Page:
As for the differences, the ones that Magnetic is referencing are not the same spec's even to each other (they reference 022871 (Bassman) and 022855 (Concert)). The 022871 is a 40 watt transformer with a 4Ω secondary. The 022855 is a 50 watt transformer with a 2Ω secondary. Both have a 4K primary. This is where general numbers don't work, and what is being grossly misleading. A 4K primary into a 2Ω secondary means a ratio of roughly 44:1. A 4K primary into a 4Ω secondary means a ratio of 31:1. This is the ratio between the primary and secondary wires. This is a HUGE difference between how the two will sound.


The Magnetic Components is a 60 watt transformer with a 4, 8, and 16Ω secondary (on the 16Ω tap your ratio is 16:1, on the 4Ω it is 33:1). Now, if you needed to replace a Concert's output transformer, and you got this generic replacement, you wouldn't even be able to get the correct impedance match to make it work (no 2Ω output), but the company says it is a replacement/upgrade for the amp.

If you truly want to upgrade your amp's transformer, make sure the upgrade will work properly. Call the company (or email) to find out if the transformer is truly meant for the amp you are putting it in, or if it is just a general replacement. If it is a clone, ask them specifically what transformer they used as a clone.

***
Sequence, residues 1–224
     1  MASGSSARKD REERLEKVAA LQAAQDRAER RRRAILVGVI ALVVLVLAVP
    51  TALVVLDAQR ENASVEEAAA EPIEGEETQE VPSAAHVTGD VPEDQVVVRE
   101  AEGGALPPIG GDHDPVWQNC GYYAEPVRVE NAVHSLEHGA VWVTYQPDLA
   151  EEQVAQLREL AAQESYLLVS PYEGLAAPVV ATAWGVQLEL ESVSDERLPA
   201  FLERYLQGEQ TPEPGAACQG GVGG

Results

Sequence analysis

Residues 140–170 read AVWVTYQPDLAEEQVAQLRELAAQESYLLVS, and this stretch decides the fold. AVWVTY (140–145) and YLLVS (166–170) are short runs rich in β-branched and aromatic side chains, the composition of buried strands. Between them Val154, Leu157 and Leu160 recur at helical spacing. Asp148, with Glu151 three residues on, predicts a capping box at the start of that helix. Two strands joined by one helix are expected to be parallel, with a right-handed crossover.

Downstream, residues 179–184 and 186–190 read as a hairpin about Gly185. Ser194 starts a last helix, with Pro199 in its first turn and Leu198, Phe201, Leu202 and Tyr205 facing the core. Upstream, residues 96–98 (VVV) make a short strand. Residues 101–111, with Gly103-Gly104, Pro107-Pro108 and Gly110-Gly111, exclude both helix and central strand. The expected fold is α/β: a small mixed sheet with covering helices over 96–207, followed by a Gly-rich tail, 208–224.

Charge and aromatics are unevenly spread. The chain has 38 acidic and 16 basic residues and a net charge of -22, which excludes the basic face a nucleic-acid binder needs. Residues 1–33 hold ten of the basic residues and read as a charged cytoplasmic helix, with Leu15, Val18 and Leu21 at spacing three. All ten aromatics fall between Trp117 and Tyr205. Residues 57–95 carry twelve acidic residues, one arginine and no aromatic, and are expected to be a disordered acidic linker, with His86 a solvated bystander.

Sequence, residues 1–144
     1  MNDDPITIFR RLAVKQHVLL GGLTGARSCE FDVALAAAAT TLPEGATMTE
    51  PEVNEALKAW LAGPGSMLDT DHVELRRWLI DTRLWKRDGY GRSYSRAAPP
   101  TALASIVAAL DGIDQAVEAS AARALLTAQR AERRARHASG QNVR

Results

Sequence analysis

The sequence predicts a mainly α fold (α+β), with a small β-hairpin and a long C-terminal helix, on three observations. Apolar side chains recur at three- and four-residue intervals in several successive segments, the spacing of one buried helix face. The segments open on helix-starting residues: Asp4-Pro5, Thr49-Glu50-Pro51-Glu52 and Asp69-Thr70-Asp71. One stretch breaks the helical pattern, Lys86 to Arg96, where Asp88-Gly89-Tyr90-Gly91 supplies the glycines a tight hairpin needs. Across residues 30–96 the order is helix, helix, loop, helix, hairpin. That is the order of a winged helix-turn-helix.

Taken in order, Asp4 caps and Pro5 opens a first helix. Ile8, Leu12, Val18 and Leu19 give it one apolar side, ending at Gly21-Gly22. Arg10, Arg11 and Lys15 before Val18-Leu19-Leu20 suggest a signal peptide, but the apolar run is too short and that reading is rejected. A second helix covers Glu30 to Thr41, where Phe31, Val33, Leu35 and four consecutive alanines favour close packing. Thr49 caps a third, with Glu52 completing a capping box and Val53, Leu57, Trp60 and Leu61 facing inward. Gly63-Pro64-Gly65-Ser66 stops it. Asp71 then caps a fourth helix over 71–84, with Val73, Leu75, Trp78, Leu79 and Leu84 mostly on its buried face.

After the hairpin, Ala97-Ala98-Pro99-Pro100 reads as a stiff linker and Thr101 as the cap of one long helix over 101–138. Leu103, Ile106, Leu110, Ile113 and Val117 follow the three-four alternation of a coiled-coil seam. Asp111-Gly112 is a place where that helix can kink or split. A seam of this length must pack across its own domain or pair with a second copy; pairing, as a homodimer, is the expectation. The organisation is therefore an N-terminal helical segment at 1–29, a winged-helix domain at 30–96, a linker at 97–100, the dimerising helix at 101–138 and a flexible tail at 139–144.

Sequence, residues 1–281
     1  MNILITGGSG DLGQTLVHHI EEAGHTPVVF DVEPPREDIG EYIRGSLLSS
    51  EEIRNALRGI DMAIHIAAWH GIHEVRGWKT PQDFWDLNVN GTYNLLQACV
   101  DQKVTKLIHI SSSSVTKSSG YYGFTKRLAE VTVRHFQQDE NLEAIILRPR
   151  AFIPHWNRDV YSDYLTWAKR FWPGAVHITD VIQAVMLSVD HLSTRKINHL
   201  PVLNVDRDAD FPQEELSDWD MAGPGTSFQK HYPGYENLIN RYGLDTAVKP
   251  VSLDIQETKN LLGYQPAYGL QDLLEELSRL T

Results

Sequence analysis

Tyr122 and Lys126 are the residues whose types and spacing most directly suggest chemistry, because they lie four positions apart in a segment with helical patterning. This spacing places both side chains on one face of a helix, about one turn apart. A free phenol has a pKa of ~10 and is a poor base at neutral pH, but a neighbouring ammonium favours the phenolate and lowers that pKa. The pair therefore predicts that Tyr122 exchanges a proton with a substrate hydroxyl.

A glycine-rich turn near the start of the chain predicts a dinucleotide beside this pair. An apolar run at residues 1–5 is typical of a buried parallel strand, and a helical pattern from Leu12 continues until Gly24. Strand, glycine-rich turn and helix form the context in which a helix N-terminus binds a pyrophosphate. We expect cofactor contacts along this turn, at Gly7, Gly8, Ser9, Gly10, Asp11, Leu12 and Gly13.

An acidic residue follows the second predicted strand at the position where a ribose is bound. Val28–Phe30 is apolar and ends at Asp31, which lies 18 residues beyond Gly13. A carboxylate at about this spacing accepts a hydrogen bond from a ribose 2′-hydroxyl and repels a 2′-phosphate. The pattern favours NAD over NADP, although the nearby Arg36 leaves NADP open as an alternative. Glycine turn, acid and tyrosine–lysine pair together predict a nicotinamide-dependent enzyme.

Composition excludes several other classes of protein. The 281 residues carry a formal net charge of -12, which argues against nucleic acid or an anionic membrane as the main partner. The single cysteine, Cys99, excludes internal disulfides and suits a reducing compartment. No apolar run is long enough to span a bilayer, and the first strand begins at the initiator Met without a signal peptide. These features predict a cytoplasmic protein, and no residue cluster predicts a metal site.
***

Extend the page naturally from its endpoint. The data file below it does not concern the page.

Will most 50 watt style output transformers work in Bassman? Yes. They will function. Will they sound like a tweed Bassman? Most likely no. Blackface Bassman? Depends on which Bassman we are talking about, but most likely no.

Well said Adam!

I could only add that product marketing from the after market transformer companies certainly hasn't made (true) understanding of transformer make-up, design and application clear by any means.
 

Che_Guitarra

Member
Messages
4,165
I want to revive this thread.

I've got a much loved DIY brownface Princeton and I want to benefit it with a 20W 'deluxe' OT upgrade. I'm not expecting a drastic change, rather an incremental improvement in sought areas. Anyway, this upgrade is well discussed and I don't wish to rekindle an argument about it here.


What I want to know is this - my brownface circuit falls between the tweed and blackface eras so i'm wondering which direction (or which OT variant) I should opt for when I switch out? I had been looking at an Allen/Heyboer T020, but it only has a 8Ω tap - I want at least 4/8Ω compatibility.

I currently use a Classictone 40-18045 (8.5K Z primary) OT. I'd like to stick with Classictone, thus my options are their tweed deluxe 20-18022 (8.0K Z) or the deluxe reverb 40-18002 (6.8K Z) OT. The Allen T020 has a 6.6K impedence.


Which style OT do you think would best suit a brownface Princeton?